ECHA proposes to ban intentionally added microplastics


Amsterdam, 30 January 2019 – The European Chemical Agency (ECHA) proposed today, on request of the European Commission, to ban intentionally added microplastics in cosmetics, detergents, paints, agricultural and industrial products. These microplastics are released into the environment and pose a risk to the environment and human health. According to ECHA, an EU-wide ban is justified.  

The Beat the Microbead coalition, running since 2012 and supported by 98 NGOs from 41 countries, is delighted with ECHA’s proposal. Jeroen Dagevos, Head of Programs at the Plastic Soup Foundation and leader of the Beat the Microbead campaign: “We consider the proposal by ECHA to restrict intentionally added microplastics as a big step forward in controlling the microplastic menace.” 

The Beat the Microbead coalition also welcomes the obligation for industry to be transparent about potential risks and to introduce new labelling requirements. Industry’s argument that a ban should be restricted to scrubs and cleansing products only is rightfully rejected by ECHA.

If adopted, the proposed restriction could result in a microplastics emissions reduction of about 400 thousand tonnes over 20 years.

Dagevos: “We are especially happy with the fact that ECHA recommends microplastics to be treated in the same way as persistent, bio-accumulative and toxic substances are treated within REACH (Registration, Evaluation, Authorization and restriction of Chemicals).”

REACH is currently the strictest chemical regulation in the world.

Intentionally added microplastics are likely to accumulate in terrestrial and aquatic environments. They can be extremely persistent, last for thousands of years and are practically impossible to remove. Concentrations in hotspots like some coastal areas already exceed tentative effect thresholds. Microplastics should therefore be restricted to minimize release as the current situation is not adequately controlled

“Of course,” says Dagevos, “there are also a few points of criticism:

  • The transition period of 4-years and 6-years for rinse-off and leave-on cosmetics respectively, is much too long. Alternatives to microplastic ingredients are widely available on the market. More than 60 brands under our ‘Zero Plastic Inside’ certification prove that it is possible to make quality products without adding microplastic ingredients.  
  • We would not prefer a lower size limit in the definition of microplastics of 1 nanometer. Especially, because nano-plastics are increasingly considered as a risk to marine and terrestrial life, including humans.
  • We regret the exclusion of semi-solid and liquid polymers, which we consider as a possible threat for human health.”

Dagevos: “But above all, we call upon the European Commission to fully adopt the ECHA proposal and also hope it will inspire other countries around the world to follow”.  


See: ECHA proposes to restrict intentionally added microplastics

See also: the video released by ECHA at the end of 2018

See also: our previous position paper concerning regulation microplastics: The BTMB campaign demands restriction of all intentionally added microplastics under REACH  

See also:  our test on microplastics in so called ‘stay on’ products like lipstick, nail polish here!


Ban and avoid plastic glitters

Amsterdam, 7 December 2018 – Glitters are spreading fast. Nowadays they are found in products such as nail polish, hairspray, shampoo and suntan lotion. Then there are the party-glitters that you put on your face. It all seems harmless and nice, but it is not. Glitters are predominantly made of plastic, often a combination of aluminium and PET. They are flushed away with the shower water and easily end up in the environment.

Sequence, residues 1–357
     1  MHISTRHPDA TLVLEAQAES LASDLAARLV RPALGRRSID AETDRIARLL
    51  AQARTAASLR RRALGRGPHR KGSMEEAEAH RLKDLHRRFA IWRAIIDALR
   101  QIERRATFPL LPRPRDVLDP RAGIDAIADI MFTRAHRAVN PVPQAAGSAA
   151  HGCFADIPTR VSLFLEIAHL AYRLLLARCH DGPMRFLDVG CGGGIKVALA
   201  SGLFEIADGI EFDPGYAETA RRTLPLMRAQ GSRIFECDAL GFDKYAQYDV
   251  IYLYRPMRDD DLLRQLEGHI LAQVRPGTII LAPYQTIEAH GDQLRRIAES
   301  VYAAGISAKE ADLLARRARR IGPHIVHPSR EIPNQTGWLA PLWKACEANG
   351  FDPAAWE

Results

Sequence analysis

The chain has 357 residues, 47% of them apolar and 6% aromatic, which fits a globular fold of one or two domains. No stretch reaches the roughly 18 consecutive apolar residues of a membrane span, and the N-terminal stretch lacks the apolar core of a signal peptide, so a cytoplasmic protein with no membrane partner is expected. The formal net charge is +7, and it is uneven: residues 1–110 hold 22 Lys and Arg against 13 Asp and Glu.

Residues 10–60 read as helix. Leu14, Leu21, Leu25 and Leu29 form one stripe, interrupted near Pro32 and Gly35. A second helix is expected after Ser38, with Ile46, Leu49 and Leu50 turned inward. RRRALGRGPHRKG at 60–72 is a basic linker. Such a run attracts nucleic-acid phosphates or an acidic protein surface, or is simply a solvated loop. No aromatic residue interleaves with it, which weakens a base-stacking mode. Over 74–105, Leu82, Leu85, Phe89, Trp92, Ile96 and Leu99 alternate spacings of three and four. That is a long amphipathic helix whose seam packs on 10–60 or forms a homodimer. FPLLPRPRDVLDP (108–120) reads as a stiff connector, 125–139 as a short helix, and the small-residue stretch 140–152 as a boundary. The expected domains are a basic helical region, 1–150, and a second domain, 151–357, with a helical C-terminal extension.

Worldwide, the sale of all glitter products has grown tremendously in recent years. Most users don’t realize that glitters are bits of plastic and that using them contributes to the plastic soup. Social media such as Instagram are believed to be partly responsible for the growth because people share photos and imitate each other. See for example this page with glitter on tongues.

While the presence of microplastics in care products  has been amply discussed in recent years, glitters seem to have been ignored. The attention was focused primarily on banning microplastics with a scrub function. When legislation prohibits only those plastic scrub particles, glitters and other microplastics are beyond that scope.

Last year English scientists called for a ban on glitter.

Maria Westerbos, Director of the Plastic Soup Foundation: “Think twice about wearing glitters the coming holidays, and if you still want to, ask explicitly for glitters that are not made of plastic.”

Photo: Glitter advert

Also read: The European parliament wants to ban microplastics in cosmetics

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The worldwide revolt against plastic beats the industry

Amsterdam, 27 November 2018 The Guardian published a well researched and extensive long read, which analyzes the current worldwide revolt against plastic. In the last few years, people realised that the plastic soup crisis is one of the larger environmental problems of our day, which has to be solved. According to the writer, this realisation occurred after the public outrage of the use of microbeads in cosmetics; oddly enough, he does not refer to the success of the 2012 campaign Beat the Microbead, started by the Plastic Soup Foundation. Consumers didn’t want be complicit in the plastic soup crisis, through a simple act such as washing your hair, just because producers replaced the natural ingredients in shampoos and shrubs by the much cheaper microplastics.